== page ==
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ICA-AtoM: open source software for archives

June 20th, 2006 · 2 Comments · Archives Access Systems, ICA-AtoM

I am very pleased to announce that the consulting project I will be working on over the summer is the design and development of an open source archival description application. The codename for the project and software is ICA-AtoM, which is an acronymn for International Council on Archives – Access to Memory.

The International Council on Archives (ICA) is the project sponsor. I am managing the software development through my consulting company Artefactual Systems in collaboration with the Dutch Archiefschool and their research coordinator Peter Horsman (also one of my PhD supervisors).

Guide to Archival Sources on Human Rights Violations

The impetus for the ICA-AtoM software project is another ICA project. The ICA Archives and Human Rights working group received funding recently from UNESCO to create a searchable, online guide to international archival sources on human rights violations. The goal of this Guide is to enable users to identify archival materials relating to a particular human rights event or topic, locate the country and repository in which the archival materials are held, and determine the conditions for access to these documents.

One of UNESCO and the ICA’s requirements was that any software produced as part of the Guide project should be made available under an open source license. At its core, this Guide will require a basic web-based archival description application. It makes sense, therefore, to leverage the work done on the Guide website and software as the first step in creating a generic archival description application that can be made available to the archival community as a whole.

The core application requirements will be based on the ICA standard’s for archival description (ISAD(G)) and archival authorities (ISAAR(CPF)) as well as the OSARIS functional requirements which were drafted in 2003 by the ICA Committee on Information Technology.

ICA-AtoM Development Roadmap

The first phase of the ICA-AtoM project is the development of the website and software to host the Guide to Archival Sources on Human Rights Violations. The first beta release of this website is due in Fall 2006. The second phase will be to extract the archival description and retrieval component of the Guide software and make it available as the first core version of the ICA-AtoM open source software. The future requirements of the ICA-AtoM software will be accounted for as the Guide website is designed and developed.

The Guide website is located at: http://humanrightsarchives.org
The ICA-AtoM website is located at: http://ica-atom.org

Discussions are already under way to add additional modules to the core archival description application to provide functionality and features such as digital repository interfaces, accessioning workflow, physical box management, reference room management, etc..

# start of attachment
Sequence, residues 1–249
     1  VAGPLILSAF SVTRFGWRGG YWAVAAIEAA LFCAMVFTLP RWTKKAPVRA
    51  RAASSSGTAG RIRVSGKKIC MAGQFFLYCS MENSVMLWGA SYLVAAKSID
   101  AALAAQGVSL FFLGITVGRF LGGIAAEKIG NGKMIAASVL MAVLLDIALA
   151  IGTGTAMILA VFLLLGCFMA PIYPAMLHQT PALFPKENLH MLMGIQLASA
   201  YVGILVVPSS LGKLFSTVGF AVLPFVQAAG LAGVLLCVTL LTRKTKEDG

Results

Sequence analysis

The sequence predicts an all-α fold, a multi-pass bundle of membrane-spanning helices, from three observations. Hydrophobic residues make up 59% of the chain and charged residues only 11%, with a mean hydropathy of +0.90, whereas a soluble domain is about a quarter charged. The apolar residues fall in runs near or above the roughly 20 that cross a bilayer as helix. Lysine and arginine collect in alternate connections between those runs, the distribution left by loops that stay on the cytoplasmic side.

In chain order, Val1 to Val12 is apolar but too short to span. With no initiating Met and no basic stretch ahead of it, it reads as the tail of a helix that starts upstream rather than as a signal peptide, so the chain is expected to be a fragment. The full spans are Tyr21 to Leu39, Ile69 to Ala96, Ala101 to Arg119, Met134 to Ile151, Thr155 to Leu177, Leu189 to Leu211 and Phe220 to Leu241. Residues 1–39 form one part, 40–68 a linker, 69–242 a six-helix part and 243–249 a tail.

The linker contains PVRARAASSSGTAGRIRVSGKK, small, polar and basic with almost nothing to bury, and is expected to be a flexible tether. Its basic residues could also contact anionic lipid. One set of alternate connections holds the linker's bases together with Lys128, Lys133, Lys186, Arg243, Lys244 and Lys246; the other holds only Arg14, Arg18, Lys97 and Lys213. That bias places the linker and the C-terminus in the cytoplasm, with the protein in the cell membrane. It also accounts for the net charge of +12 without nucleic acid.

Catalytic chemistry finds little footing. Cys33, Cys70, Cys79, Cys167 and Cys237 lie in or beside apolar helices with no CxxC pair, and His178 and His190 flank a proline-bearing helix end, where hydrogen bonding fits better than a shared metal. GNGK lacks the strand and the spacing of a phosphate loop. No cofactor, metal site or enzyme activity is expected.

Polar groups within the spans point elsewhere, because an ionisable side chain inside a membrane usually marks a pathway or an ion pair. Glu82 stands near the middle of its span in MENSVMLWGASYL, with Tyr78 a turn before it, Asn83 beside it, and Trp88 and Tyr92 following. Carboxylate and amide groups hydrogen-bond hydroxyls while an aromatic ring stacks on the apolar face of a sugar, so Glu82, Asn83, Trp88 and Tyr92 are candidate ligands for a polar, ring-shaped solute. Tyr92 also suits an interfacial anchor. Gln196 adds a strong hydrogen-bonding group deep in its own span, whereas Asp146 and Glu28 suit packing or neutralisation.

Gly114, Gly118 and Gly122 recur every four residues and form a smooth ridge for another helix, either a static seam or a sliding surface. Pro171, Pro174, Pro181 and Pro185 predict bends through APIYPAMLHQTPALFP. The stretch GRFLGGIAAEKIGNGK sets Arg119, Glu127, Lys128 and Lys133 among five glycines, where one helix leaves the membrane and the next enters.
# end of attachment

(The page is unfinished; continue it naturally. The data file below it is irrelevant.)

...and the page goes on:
Of course, any further development will be dependent on a combination of securing additional funding and generating enough interest and support in the project from the archival community and other developers who are interested in contributing to the application’s codebase. The ICA-AtoM application will likely be released under a GPL open source license.

ICA-AtoM Technical Architecture

On this blog I have been posting about my evaluation of several options (RubyOnRails, Django, Drupal, Greenstone, Fedora) for building the Guide and ICA-AtoM as a web-based application (see the posts under the Systems Architecture category). In the end we’ve selected the Symfony PHP5 MVC framework as the development platform for a number of reasons including; the breadth of MVC features and functionality that Symfony incorporates, the extensive internationalization support, the ubiquity of PHP servers and developers, the richest set of online documentation of any of the MVC frameworks, and the very active and supportive community of Symfony developers and users.

The Model, View, Controller (MVC) design pattern is the current best practice for architecting web applications. A MVC architecture seperates a web application into three primary layers. The Model layers abstracts a domain-specific data model and interacts with the data persistence layer on its behalf (usually a database but could also be XML or text files). The Controller interacts with the user through an interface (e.g. a webpage). The Controller receives information or requests from the user, routes these to the appropriate place in the application and returns the application’s response to the user. The View layer adds presentation templates (e.g. styles, themes, etc.) to the data that comes from the model layer, before it is sent back to the user interface by the Controller.

MVC architectures improve the development, scalability and on-going maintenance of web applications by dividing their critical components into seperate layers that can be enhanced or exchanged without affecting the other layers. Essentially, the MVC pattern follows the long-established software engineering paradigm of seperating data persistence from application logic from presentation.

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